Maybe you can live with that, but that doesn't make it right. When I used to visit the family property in Canada, we used an outhouse and carried water from the lake in pails. But like you, we did it for years, so it must of been right.

    I have also seen deep sinks in the new remodeled kitchens where the installers just leave off the p-trap because the drains are too high. They smell horrible too. Though the homeowners don't seem to care. They just assume that kitchen sinks smell when you get near them.

    The upstairs washer and sink does not work as a vent for the downstairs sink. Not in any code.
  10. segal46

    segal46 a/v technician

    Messages:
    27
    Location:
    montreal , QC
    baffled...though I believe you are right...never had any odour in last 15 years,nothing...so i will open a wall in the appartement upstairs hoping to find an adjoining vent that goes to the roof, because i am sure there is one going up there....just nothing downstairs...any suggestions?
  11. Terry

    Terry Administrator Staff Member

    Messages:
    14,891
    Location:
    Bothell, Washington
    People without p-traps don't seem to notice odors either. I notice, because I'm used to plumbing that works. My nose isn't that bad yet.

    You could run a load of wash upstairs, and then pull the p-trap below and see if it's holding water though. That would be a good test.
    Last edited: May 7, 2014
  12. Reach4

    Reach4 Active Member

    Messages:
    2,076
    Location:
    IL
    I would try looking down from the roof to see where vents go rather than opening walls to find a vent. I wonder if you could lower a noise maker on a cord to help locate where a vent is with respect to the inside walls.

    If the vent pipes are not seen to go vertical very far, perhaps a trip to the attic will give some useful info.

    Just an idea.
  13. Terry

    Terry Administrator Staff Member

    Messages:
    14,891
    Location:
    Bothell, Washington
    I'm 62 years old, and have never gone up on a roof to look down a vent to figure out how a home is plumbed. How does that work? Looking down a pipe on the top of a roof.

    What I did do today, is install a Kohler cast iron shower pan weighing hundreds of pounds. I set the P-Trap in place, laid out two 2x4's, droped the pan down, pulled out the 2x4's and spun the compression ring on the Oatey shower drain down on the rubber collar. Pretty smooth.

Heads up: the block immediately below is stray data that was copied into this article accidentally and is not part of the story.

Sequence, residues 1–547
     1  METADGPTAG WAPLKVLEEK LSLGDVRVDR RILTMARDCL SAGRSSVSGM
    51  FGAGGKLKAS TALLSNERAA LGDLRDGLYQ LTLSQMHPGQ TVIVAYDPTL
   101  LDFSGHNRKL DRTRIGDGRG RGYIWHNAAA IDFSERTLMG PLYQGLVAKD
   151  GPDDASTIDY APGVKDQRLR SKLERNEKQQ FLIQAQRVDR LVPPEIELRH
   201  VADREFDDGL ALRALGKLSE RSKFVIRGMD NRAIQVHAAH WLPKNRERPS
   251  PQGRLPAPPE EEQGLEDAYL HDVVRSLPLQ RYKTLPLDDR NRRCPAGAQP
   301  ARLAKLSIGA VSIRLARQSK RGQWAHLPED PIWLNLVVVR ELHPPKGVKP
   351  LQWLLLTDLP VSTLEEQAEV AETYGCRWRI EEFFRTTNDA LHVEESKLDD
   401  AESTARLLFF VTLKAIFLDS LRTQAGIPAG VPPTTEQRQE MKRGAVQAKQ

Then I played a double header softball game with my son Jamie. The first game we won 38-6 in four innings. The second game was close, but also a win.
    I had five hits in four innnings in the first game.
    Last edited: May 7, 2014
  14. segal46

    segal46 a/v technician

    Messages:
    27
    Location:
    montreal , QC
    yes the p trap is holding water downstairs, while a load was done in upstairs appartment, so no siphoning going on...all copper 2 inch tubing..when copper was still affordable. So if it is holding the water as you suggested, now what....I have respect for the trade and want to do it right the first time...I have no time for any sports until my wife stops badgering me to "get it done"..lol
    So thanks for taking the time to make this a little simpler...

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  15. Reach4

    Reach4 Active Member

    Messages:
    2,076
    Location:
    IL
    If the roof was readily accessible, it was not too pitched, and there is no attic, I would try using a bright flashlight to see what I could see. Of course it would help if the vent was 4 inches, and went straight down for a good while. It seems preferable to starting with opening a wall in the apartment upstairs hoping to find an adjoining vent that goes to the roof.

    I'll bet you have run snakes from the roof.
  16. Terry

    Terry Administrator Staff Member

    Messages:
    14,891
    Location:
    Bothell, Washington
    I don't. I don't do drain cleaning.
  17. segal46

    segal46 a/v technician

    Messages:
    27
    Location:
    montreal , QC
    nor do I but can my thread be answered.....